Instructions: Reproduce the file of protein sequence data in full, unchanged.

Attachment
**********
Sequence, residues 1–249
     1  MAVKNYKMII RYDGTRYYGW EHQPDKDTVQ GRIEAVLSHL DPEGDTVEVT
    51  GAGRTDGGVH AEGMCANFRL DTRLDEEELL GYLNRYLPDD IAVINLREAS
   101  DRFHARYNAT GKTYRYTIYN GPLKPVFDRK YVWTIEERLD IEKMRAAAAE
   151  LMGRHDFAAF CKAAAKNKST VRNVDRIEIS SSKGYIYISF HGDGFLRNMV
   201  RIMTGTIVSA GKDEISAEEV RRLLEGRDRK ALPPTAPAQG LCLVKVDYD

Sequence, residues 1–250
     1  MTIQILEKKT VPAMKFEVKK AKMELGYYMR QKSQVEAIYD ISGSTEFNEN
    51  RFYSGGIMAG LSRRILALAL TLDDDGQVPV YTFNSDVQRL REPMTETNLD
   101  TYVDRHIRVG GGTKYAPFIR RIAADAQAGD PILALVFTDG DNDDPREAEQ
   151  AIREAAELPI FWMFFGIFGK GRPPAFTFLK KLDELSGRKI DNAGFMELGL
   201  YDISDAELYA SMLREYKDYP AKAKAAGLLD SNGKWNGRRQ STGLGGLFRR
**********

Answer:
Sequence, residues 1–249
     1  MAVKNYKMII RYDGTRYYGW EHQPDKDTVQ GRIEAVLSHL DPEGDTVEVT
    51  GAGRTDGGVH AEGMCANFRL DTRLDEEELL GYLNRYLPDD IAVINLREAS
   101  DRFHARYNAT GKTYRYTIYN GPLKPVFDRK YVWTIEERLD IEKMRAAAAE
   151  LMGRHDFAAF CKAAAKNKST VRNVDRIEIS SSKGYIYISF HGDGFLRNMV
   201  RIMTGTIVSA GKDEISAEEV RRLLEGRDRK ALPPTAPAQG LCLVKVDYD

Sequence, residues 1–250
     1  MTIQILEKKT VPAMKFEVKK AKMELGYYMR QKSQVEAIYD ISGSTEFNEN
    51  RFYSGGIMAG LSRRILALAL TLDDDGQVPV YTFNSDVQRL REPMTETNLD
   101  TYVDRHIRVG GGTKYAPFIR RIAADAQAGD PILALVFTDG DNDDPREAEQ
   151  AIREAAELPI FWMFFGIFGK GRPPAFTFLK KLDELSGRKI DNAGFMELGL
   201  YDISDAELYA SMLREYKDYP AKAKAAGLLD SNGKWNGRRQ STGLGGLFRR